Many Years and Deutschemarks -- and Prayers

HENRY L. TREWHITT

January 08, 1992|By HENRY L. TREWHITT

Santa Fe, New Mexico. -- The rest of the world got it mostly right judging the debate of the democracies about Yugoslavia. It was the first mighty statement by the new Germany in geopolitics. With early recognition of Croatia and Slovenia, the Germans defied their allies, including America, and prevailed. But it was more than that: a standard for the future, and a warning of the world's stake in Germany.

It cannot be put too bluntly. From size, wealth and location, Germany will decide the future of the continent and perhaps the new balance of power. Germany successful could propel Europe into world leadership. France is unable and unwilling to lead. Britain is still groping for a role. Except for vague resolve to remain a power in Europe, so is America. Germany failing also would lead Europe -- into who knows what darkness.

The obvious outlook is of course for something between wondrous success and cataclysmic failure. But many Americans are still suspended in the initial wonder of German reunification. That partly reflects the limitations of time and space on the American media. The Soviet Union, Yugoslavia and America's domestic erosion have pre-empted a German story that otherwise would have been examined like a rare bug under a microscope. Germany's allies have suppressed their anxiety, acknowledging unification as a 40-year objective suddenly irreversible and knowing that otherwise they would be accused of Germany-bashing.

The European media, especially the German media, deal daily with the practical problems of unification, recognizing that it came without guarantees. Money is central to most issues. The German economy may be the greatest uncertainty of all.

Rehabilitation in the east will require a fourth of the budget for the foreseeable future. Start with the bill for shipping home hundreds of thousands of Soviet troops, building apartments for them in the former Soviet Union and repairing their environmental wreckage in Germany. A German officer speaks with incredulity of their heedlessness: ''When they failed to use their quota of jet fuel they poured it on the ground, causing kerosene pollution 60 meters down.''

Pollution was the normal industrial pattern of the eastern states. Rivers run black with waste. Residents of Bitterfeld, home of a vast chemical complex, are careful not to let the water of the city's Silver Lake touch their skin. Even the surrounding earth is toxic. Clean-up to minimum standards and modernization will require years and billions of marks. ''We knew what was needed here,'' reports Wolfgang Baronius, a director under the old government as well as the new. ''We just couldn't get back the money from the money we paid the state.''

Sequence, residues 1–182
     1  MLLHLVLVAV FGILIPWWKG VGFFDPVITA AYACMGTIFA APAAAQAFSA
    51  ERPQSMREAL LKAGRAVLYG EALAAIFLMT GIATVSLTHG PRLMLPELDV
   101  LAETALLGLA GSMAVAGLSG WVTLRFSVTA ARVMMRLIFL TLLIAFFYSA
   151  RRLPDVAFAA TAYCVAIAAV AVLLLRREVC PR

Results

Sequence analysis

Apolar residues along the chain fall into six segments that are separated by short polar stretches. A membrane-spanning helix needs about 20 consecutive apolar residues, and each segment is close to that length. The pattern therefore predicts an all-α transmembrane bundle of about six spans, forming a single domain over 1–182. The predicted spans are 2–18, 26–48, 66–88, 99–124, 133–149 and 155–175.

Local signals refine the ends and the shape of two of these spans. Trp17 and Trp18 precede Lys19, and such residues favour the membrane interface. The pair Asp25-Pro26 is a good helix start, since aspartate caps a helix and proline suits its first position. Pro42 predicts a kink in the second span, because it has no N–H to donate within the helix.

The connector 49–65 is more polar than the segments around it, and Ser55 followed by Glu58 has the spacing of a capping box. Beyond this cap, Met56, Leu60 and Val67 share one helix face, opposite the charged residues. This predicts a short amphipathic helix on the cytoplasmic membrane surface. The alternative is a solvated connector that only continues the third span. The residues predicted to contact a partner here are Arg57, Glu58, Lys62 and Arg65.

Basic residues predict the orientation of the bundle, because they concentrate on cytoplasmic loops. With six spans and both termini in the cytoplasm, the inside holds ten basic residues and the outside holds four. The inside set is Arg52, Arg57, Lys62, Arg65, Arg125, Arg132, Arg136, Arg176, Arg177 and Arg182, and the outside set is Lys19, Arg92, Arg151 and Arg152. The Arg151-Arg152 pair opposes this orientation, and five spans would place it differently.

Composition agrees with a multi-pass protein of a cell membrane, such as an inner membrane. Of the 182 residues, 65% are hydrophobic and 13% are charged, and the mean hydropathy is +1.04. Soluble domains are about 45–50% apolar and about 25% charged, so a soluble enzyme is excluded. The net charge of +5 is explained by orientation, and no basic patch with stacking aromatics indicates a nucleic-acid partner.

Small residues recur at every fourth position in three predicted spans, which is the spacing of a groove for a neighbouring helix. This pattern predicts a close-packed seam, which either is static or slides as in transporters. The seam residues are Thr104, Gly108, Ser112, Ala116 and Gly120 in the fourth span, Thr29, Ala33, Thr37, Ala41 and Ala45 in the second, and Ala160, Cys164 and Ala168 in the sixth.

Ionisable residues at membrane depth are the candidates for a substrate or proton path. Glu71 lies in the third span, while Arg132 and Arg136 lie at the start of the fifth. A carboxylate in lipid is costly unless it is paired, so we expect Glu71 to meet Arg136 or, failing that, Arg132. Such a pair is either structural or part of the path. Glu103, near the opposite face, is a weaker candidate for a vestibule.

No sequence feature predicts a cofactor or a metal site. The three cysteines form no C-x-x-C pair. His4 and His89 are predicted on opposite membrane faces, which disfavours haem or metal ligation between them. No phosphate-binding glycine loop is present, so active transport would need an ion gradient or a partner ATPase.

Growing unemployment in the east can be resolved only as rehabilitation proceeds. Much depends on the Treuhandanstalt, the public trustees charged with selling or closing former state-owned firms. So far, the treuhand has unavoidably increased joblessness, firing tens of thousands of unneeded employees in order to make businesses attractive to private investors.

Some costs are volatile politically as well as financially. Joachim Gauck, the Lutheran pastor assigned to ventilate the files of the Stasi, the east's dread State Security Service, has estimated cash cost as high as $200 million.

The Stasi had a diligent staff of more than 100,000 and as many as 200,000 informers in a nation of 16 million. Mr. Gauck's staff sifts what he describes as ''202 kilometers of documents'' mentioning, favorably or unfavorably, as many as 4 million easterners and 2 million West Germans. The government aims to give all of them access to their files.

''We thought hard about this,'' says Mr. Gauck, who endured years of opened mail, tapped telephones and subversion of his colleagues. ''Better to open them or keep them closed? We finally concluded that people have to decide.'' Many Germans, east and west, say no. As a Christian Democrat leader puts it, ''I know what the police did to harass me. I don't think I want to know if my brother-in-law gossiped about me to curry favor.'' Mr. Gauck concedes: ''We expect some family crises.''

Some sources of social tension are not translatable into deutschemarks at all. Fascist skinheads who attack foreign workers in the east and vandalize Jewish cemeteries in the west are spiritual heirs of the Stasi as well as the Nazis. As other West European nations neutralize terrorists of the left, the Red Army Faction thrives in Germany. These are not mindless fanatics, but sophisticated killers who challenge the best of the police. Last April, they murdered Detlev Rohwedder, head of the Treuhandanstalt, the perfect capitalist victim. Now authorities worry that they are recruiting jobless Stasi specialists.

What everyone knows is that current progress in every area depends on Bonn's deep pockets. Final integration is many years and hundreds of billions of deutschemarks ahead. Westerners will have to be patient and generous, not only for their cousins in eastern Germany but also for recovery in the former Soviet Union and Eastern Europe. The rest of the world will have to understand that Germany successful is far preferable to Germany failing. A bureaucrat in Bonn who understands the stakes captured them in a phrase. ''Pray for us,'' he said.

Henry L. Trewhitt teaches at the University of New Mexico. He was formerly The Sun's German correspondent and diplomatic correspondent.

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